Altitude and Pulmonary Edema
High-altitude pulmonary edema (HAPE) is a noncardiogenic pulmonary edema that may occur in previously healthy individuals within the first 2–5 days after rapid ascent above 3,000–4,000 m. Severe shortness of breath occurs due to accumulation of fluid in air sacs of the lungs, and may occur in young, healthy, susceptible adults who ascend rapidly to altitudes in excess of 2,500 m.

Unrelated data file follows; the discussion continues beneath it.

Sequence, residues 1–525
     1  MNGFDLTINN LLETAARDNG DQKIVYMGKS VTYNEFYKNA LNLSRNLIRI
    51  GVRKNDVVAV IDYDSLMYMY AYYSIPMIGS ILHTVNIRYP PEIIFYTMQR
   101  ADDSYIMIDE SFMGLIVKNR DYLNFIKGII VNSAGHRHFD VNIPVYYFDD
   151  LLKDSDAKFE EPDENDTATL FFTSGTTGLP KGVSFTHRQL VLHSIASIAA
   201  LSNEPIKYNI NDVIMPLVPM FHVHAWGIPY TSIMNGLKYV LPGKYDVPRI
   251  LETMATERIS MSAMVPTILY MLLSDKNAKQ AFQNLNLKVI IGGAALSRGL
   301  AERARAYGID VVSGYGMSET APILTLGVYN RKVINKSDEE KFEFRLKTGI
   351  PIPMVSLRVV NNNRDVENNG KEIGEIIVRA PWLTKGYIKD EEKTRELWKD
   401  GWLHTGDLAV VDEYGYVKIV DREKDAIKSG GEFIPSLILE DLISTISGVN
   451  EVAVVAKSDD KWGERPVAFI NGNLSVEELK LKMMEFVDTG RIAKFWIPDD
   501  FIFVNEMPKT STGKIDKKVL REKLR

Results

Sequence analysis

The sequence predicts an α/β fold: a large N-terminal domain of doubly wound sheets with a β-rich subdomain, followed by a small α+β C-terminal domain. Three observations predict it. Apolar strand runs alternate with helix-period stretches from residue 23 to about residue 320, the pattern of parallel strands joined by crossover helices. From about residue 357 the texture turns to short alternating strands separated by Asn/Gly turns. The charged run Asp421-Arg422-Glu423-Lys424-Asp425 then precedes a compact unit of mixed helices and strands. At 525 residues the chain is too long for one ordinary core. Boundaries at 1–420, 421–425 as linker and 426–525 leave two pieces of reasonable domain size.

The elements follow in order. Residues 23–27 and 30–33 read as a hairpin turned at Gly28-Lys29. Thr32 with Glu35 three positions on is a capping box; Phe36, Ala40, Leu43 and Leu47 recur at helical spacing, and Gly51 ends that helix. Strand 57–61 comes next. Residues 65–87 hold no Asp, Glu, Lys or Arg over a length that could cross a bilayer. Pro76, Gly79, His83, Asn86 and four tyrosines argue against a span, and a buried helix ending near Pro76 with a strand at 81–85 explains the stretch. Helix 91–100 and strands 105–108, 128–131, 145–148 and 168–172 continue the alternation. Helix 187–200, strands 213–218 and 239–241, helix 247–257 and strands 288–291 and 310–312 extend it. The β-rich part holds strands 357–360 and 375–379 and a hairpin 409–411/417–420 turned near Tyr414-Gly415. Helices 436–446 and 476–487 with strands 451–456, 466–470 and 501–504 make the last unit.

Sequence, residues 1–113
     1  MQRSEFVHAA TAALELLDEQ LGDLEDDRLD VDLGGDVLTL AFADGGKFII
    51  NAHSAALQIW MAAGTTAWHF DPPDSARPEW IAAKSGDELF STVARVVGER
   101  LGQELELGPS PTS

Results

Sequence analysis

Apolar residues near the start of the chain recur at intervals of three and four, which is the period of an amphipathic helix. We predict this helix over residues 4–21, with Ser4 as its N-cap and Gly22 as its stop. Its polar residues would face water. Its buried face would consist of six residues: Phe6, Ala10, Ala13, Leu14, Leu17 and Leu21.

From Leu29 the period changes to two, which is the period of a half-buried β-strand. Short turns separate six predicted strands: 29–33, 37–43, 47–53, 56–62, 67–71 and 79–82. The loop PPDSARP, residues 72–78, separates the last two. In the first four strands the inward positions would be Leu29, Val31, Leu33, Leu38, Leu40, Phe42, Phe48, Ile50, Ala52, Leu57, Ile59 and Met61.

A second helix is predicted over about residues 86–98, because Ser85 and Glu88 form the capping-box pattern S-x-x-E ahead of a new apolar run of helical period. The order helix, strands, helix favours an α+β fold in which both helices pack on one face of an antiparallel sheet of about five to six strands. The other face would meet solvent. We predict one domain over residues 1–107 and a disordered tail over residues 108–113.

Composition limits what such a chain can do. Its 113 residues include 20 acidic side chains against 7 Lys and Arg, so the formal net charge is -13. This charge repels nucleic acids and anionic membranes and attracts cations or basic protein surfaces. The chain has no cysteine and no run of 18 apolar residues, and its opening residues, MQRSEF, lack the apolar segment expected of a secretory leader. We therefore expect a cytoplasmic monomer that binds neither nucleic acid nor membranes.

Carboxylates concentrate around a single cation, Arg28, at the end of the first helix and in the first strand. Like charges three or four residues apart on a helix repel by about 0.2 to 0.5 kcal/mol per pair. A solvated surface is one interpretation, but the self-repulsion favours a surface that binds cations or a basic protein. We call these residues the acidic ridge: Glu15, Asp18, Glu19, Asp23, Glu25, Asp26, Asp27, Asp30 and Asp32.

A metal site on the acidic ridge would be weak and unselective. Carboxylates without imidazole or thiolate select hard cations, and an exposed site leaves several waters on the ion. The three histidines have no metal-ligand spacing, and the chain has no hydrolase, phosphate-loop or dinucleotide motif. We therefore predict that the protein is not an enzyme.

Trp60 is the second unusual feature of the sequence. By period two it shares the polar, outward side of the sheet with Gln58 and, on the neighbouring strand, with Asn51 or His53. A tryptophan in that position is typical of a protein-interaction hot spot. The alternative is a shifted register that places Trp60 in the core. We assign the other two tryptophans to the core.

Higgins and colleagues provided a review, which summarized the physiology and clinical evidence regarding acute altitude exposure on the cardiopulmonary system, and made practical recommendations for patients with cardiovascular disease.
For ascent >3,050 m (10,000 ft), ascent should be ≤305 m (1,000 ft) daily with a rest every 1,000 m (3,300 ft) (Higgins et al. 2010).
The first symptom is usually dyspneaon exertion and a reduced exercise tolerance greater than expected for the altitude. A dry and annoying cough later becomes productive with bloodstained sputum....
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